|To:||Chief Medical Officers, Chief Nursing Officers, Pharmacy Leads, and Government Relations Staff|
|Please forward to applicable clinic leaders and staff|
|From:||David Streeter, MPA, Policy Director- Clinical and Data
DavidS@wsha.org |(206) 216-2508
|Subject:||New Federal Buprenorphine Guidelines Reduce Barriers to Treatment|
The purpose of this bulletin is to inform hospitals about the new buprenorphine practice guidelines issued by the Department of Health and Human Services (HHS), effective April 28, 2021. The new guidance removes a key barrier to obtaining an X-Waiver for prescribing buprenorphine by exempting covered practitioners from certain requirements. This regulatory change will make it easier for practitioners to obtain an X-Waiver to prescribe buprenorphine to patients with opioid use disorder (OUD).
The new guidelines apply to physicians, physician assistants, nurse practitioners, clinical nurse specialists, certified registered nurse anesthetists, and certified nurse midwives who treat 30 or fewer patients with OUD. The new guidelines do not apply to practitioners treating more than 30 patients for OUD.
Hospital leaders should review the new buprenorphine guidelines and share this bulletin with practitioners who treat patients with OUD.
Current law requires practitioners who want to prescribe buprenorphine for OUD to submit a Notice of Intent (NOI) to the Substance Abuse and Mental Health Services Administration (SAMHSA). Once approved by SAMHSA, the Drug Enforcement Administration (DEA) issues an X-Waiver identification number to the practitioner, who is then eligible to treat patients with buprenorphine.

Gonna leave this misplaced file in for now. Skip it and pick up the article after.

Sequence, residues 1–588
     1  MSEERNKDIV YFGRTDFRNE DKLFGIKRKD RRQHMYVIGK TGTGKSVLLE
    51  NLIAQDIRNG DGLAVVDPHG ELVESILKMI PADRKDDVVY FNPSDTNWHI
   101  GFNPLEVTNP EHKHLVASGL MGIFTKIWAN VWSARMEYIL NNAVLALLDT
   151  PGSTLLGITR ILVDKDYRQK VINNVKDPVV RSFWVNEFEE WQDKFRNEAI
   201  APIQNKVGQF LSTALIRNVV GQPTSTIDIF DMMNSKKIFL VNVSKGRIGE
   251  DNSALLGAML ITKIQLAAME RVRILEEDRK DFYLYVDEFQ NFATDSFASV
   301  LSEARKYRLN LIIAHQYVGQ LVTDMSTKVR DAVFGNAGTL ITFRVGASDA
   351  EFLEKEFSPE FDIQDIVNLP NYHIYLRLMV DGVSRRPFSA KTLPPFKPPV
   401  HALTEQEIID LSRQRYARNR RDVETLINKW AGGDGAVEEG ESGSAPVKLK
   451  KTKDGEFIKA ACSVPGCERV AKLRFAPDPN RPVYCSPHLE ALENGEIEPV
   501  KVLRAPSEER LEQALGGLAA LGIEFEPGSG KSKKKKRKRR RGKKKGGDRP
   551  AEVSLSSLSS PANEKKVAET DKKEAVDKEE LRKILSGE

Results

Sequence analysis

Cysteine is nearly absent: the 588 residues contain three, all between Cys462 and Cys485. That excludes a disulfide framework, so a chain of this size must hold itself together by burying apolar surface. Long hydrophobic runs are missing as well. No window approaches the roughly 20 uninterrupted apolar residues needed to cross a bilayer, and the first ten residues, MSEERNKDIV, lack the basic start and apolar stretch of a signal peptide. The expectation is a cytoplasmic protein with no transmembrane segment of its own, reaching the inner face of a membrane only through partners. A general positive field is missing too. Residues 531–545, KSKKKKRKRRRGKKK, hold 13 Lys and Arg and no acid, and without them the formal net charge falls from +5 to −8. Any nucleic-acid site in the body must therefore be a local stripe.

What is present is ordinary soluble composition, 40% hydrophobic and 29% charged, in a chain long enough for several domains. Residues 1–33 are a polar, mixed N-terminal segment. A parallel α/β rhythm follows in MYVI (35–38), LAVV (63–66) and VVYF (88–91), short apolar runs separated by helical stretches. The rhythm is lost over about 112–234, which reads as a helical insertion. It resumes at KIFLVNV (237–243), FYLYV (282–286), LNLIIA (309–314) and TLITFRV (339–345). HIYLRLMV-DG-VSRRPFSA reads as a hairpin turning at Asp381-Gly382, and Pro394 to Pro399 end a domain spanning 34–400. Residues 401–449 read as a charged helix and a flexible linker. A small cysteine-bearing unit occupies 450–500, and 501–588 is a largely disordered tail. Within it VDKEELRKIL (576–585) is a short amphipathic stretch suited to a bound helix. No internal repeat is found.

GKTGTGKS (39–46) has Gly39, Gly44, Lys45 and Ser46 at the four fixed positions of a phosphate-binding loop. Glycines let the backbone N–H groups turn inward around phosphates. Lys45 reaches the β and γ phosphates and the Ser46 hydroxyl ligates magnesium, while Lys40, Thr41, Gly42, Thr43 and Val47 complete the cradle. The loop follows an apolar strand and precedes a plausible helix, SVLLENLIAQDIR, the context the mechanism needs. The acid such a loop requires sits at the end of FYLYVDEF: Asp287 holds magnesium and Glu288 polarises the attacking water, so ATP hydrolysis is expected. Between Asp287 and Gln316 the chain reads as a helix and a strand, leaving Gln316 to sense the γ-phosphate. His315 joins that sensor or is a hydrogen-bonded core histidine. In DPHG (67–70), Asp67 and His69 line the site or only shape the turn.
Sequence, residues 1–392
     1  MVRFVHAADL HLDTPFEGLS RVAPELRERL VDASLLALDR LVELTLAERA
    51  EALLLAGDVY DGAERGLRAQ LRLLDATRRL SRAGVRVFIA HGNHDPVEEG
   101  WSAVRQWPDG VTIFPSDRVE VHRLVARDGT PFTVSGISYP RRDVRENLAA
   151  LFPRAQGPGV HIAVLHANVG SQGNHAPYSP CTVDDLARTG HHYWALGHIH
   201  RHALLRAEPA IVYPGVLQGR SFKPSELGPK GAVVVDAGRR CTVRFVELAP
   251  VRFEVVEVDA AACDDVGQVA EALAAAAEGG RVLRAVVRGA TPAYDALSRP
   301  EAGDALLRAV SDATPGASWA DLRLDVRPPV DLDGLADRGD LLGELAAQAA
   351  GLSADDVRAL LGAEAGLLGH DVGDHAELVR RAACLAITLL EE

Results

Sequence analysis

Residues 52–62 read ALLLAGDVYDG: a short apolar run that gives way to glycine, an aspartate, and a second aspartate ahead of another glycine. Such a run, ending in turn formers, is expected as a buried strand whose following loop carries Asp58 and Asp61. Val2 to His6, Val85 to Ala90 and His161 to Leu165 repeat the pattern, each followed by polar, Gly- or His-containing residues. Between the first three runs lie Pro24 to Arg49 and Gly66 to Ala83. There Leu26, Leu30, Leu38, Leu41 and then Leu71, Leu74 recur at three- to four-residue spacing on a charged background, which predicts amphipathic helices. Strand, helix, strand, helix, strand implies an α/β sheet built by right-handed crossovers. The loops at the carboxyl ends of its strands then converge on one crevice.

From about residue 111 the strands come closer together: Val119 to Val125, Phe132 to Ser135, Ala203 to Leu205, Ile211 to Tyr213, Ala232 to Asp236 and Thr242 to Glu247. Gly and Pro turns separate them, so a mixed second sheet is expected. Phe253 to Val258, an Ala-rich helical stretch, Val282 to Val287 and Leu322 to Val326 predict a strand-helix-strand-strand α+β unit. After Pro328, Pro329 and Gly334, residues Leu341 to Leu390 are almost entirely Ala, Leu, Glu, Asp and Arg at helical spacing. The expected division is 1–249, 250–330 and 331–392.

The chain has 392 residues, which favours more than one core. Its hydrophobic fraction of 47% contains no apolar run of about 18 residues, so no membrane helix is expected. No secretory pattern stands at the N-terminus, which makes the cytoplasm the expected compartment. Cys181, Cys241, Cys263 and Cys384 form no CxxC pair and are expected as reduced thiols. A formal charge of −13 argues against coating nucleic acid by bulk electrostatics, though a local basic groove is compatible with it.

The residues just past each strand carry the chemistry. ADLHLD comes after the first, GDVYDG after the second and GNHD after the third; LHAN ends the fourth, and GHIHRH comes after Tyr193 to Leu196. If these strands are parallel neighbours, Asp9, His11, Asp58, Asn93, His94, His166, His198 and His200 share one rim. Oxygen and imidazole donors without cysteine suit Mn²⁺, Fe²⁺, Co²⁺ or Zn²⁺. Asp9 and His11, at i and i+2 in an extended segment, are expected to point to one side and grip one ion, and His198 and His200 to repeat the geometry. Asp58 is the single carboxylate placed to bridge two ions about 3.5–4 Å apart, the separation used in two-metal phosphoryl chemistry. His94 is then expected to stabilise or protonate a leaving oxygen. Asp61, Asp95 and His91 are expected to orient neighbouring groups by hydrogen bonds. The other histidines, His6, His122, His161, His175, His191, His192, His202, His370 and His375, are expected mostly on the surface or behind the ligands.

Prior to HHS’ new guidelines, practitioners needed to meet certification requirements related to training, counseling, and other ancillary services as specified in 21 USC § 823(g)(2)(B)(i)-(ii). This requirement served as a barrier to obtaining the X-Waiver, which prevented many practitioners from prescribing buprenorphine.
HHS’ new guidelines remove the certification requirements for training, counseling, and other ancillary services for practitioners seeking an X-Waiver to treat 30 or fewer patients. All other items required for an X-Waiver remain in place. SAMHSA’s buprenorphine waiver webpage reflects this change and provides instructions for filling out the NOI.
Practitioners who treat more than 30 patients with buprenorphine are still required to complete the certifications for training, counseling, and other ancillary services. Information about these requirements can still be found on SAMHSA’s buprenorphine waiver webpage.
Covered practitioners treating 30 or fewer patients with OUD should submit their NOI to SAMHSA to receive their X-Waiver. The NOI form is available on SAMHSA’s buprenorphine waiver webpage.
The opioid crisis remains an ongoing issue across the United States. Prior to these guidelines, many practitioners were ineligible to prescribe buprenorphine to treat OUD patients. This policy is a welcome change and WSHA will continue to advocate for federal policy changes to address the opioid crisis.
Federal Register Document – “Practice Guidelines for the Administration of Buprenorphine for Treating Opioid Use Disorder,” 86 FR 22439, April 28, 2021.
HHS Press Release – “HHS Releases New Buprenorphine Practice Guidelines, Expanding Access to Treatment for Opioid Use Disorder, April 27, 2021.
SAMHSA Website – “FAQs About the New Buprenorphine Practice Guidelines.”
SAMHSA Website – “Become a Buprenorphine Waivered Practitioner.” (Contains the X-Waiver NOI form)
21 USC § 823 – Registration Requirements